So You Never get a Response from your Advert?

I must have heard these words a gazillion times and, unfortunately, while advertising is not an exact science, there are rules. And, like hunting, in the world of marketing if you ignore the rules, there are consequences.

But before we go through the rules, here are some questions that you need to consider. When you get an enquiry (be it on e-mail, website or a phone call) do you know for certain where it originated? No? There’s your first problem.

Find out EVERYTHING about that enquiry. How did he hear about you? Was he referred to you; were you ‘Googled? ’ Did a friend pass on your details after a hunt? Did he see an old advert? There is always a source to every enquiry. You need to find it. The quicker and more thoroughly you do this, the quicker you will pick up a pattern. The challenge is that there are sometimes various sources that are not clearly apparent.

Let’s explain. We all agree that word of mouth is the best form of business. But here is a scenario to consider.

Bob is a member of SCI, and while he reads through the magazine, it is really the big shows he loves going to in Vegas. Looking for a deal, he goes to their auctions and hears of a great hunt with Africa’s Thorniest Safaris – but misses out on the deal. His buddy gets it. Such a distinct name he never forgets, and recalls seeing it somewhere before… but can’t remember where. Was it one of the advertisers in one of those magazines, or meeting the chaps on the expo floor, or hearing the auctioneer talk about it? He’s not sure. He did remember seeing the image… which was – you guessed it – a Thorn Tree in the logo!

Then his buddy comes back from a hunt in Africa a year or so later and, would you believe it – it was with Africa’s Thorniest Safaris because he had bought that damn auction item. Then Bob picks up a copy of a magazine in his local Cabella’s and once again sees the specials advertised – yes, you guessed it – in Africa’s Thorniest Safaris, because Cabella’s represents them.

At some point he decides to look for that dream safari, goes to Google, and the name jumps out at him!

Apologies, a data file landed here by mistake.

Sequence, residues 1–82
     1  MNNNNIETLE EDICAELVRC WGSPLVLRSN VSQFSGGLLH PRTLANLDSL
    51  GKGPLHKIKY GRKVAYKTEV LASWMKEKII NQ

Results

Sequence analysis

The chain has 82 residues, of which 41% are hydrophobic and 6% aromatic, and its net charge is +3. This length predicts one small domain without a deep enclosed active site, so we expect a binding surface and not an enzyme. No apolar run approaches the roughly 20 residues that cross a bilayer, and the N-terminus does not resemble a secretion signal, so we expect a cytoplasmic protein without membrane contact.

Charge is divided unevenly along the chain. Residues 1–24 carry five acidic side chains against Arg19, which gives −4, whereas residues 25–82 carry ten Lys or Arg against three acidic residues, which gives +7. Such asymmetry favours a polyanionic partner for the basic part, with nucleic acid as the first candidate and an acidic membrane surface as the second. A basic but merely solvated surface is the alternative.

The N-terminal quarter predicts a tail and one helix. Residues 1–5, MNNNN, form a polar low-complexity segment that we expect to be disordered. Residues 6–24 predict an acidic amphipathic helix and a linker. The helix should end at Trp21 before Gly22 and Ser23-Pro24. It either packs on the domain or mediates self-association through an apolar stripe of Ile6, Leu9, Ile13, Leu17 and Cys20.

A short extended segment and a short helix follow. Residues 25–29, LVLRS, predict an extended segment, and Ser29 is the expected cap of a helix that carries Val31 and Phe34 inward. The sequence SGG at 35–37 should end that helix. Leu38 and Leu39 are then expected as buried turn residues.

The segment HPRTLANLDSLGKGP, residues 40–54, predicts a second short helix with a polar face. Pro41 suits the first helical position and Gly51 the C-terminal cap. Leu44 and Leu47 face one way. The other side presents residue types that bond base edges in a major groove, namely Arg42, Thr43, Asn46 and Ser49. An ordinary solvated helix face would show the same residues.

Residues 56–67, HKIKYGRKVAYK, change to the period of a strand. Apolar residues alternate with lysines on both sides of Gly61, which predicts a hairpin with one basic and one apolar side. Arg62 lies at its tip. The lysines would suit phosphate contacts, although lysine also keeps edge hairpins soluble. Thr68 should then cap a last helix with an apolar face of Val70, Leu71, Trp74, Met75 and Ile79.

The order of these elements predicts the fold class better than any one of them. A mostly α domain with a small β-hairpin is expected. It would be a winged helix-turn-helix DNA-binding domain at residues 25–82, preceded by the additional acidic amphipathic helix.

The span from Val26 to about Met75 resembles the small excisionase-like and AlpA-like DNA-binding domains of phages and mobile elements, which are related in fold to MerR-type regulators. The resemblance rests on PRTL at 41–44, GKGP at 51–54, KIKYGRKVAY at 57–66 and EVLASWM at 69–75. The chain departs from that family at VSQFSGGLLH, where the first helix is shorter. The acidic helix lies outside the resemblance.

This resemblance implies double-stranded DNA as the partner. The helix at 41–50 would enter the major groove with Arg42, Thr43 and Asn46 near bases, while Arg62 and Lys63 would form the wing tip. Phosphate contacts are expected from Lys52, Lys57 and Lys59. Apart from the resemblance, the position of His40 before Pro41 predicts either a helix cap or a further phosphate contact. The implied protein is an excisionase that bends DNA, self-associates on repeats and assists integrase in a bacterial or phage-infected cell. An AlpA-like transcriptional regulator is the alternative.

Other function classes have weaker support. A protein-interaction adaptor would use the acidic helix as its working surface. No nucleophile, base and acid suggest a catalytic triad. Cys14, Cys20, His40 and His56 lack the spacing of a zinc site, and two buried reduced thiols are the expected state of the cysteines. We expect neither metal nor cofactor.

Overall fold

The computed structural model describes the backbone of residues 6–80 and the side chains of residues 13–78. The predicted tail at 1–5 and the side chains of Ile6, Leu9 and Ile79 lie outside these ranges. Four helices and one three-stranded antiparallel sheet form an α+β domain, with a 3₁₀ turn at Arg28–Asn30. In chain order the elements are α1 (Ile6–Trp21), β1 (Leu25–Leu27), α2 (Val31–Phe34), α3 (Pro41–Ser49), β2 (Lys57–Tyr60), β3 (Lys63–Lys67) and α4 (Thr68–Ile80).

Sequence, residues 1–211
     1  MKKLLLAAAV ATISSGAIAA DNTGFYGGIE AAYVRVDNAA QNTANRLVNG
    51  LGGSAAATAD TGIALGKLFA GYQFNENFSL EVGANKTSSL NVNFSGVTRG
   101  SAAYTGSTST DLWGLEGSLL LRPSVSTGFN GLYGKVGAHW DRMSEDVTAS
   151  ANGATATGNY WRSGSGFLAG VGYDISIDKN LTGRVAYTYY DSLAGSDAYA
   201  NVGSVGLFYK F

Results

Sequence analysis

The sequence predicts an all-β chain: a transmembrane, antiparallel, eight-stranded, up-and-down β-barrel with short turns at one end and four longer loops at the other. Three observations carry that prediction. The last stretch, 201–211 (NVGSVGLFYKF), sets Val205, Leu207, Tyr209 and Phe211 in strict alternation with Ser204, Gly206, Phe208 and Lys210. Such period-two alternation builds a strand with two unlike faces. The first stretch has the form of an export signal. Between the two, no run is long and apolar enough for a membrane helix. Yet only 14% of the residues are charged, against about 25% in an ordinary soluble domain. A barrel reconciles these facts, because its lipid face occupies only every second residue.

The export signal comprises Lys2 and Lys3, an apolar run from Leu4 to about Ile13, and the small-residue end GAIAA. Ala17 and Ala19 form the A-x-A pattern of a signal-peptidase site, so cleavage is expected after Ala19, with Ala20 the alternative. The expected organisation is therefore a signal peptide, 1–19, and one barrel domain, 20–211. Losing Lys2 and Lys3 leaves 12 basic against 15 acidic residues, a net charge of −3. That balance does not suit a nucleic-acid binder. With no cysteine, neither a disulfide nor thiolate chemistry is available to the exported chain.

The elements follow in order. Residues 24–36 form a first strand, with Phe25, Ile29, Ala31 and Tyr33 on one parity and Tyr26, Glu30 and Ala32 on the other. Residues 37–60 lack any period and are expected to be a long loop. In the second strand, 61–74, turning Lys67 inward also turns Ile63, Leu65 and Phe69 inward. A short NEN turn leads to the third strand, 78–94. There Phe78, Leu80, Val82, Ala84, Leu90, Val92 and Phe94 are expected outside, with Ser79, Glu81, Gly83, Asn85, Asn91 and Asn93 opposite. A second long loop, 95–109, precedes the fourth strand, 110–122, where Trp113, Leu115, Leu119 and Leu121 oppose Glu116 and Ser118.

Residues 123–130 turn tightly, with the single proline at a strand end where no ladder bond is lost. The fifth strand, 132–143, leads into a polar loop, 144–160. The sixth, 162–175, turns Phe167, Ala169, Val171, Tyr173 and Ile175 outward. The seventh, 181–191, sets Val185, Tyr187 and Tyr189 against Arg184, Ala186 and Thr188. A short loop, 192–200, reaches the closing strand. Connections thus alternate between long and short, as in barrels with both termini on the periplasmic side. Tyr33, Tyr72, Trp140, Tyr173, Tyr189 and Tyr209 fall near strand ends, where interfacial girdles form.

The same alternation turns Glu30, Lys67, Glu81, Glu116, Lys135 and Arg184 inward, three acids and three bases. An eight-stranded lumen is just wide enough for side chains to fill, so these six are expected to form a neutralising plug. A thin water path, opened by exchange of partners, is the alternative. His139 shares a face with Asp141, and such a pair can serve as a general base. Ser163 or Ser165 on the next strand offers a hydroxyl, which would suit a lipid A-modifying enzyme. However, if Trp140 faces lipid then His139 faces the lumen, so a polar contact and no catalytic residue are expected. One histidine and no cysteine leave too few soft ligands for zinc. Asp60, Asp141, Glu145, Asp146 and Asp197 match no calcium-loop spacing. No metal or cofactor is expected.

SO: Where did he hear about the name first?

What was important in this process?


Grab attention: Your advert must stand out. Whether it is colourful, in a specific place in the magazine, with a strong logo, has striking imagery, is uncluttered – whatever, it must get the attention. Keep attention: There must be something to offer the reader: A range of species; a specific experience; great pricing; value for money – but something. And, preferably, something unique.

Be consistent: Advertising once with a big advert is never going to as effective as taking more, smaller adverts. When browsing through websites, magazines or newspapers, people become familiar with certain areas and will, consequently, notice more. Not everyone sees every page, or everything they are reading. But, over time, the likelihood of being seen by the majority increases disproportionately and consequently so does the chance of response. Repetition works.

Be seen to be consistent: The psychology of an advert is something nobody has quantified, but it goes like this. When you have purchased an item (and the higher the price the greater the effect) and then you see your product advertised, there is a greater post-purchase feeling.

Adverts tend to be noticed more after a purchase than before. This is when your client, now more aware of your adverts, can be your best word-of-mouth agent. Ask your clients to pass on the message, spread the word and, if they have the newspaper, website, newsletter or magazine that has your advert in it – ask them to pass it on.

David Ogilvy talks about only half the advertising spend working – he just never knew which half! So make it count.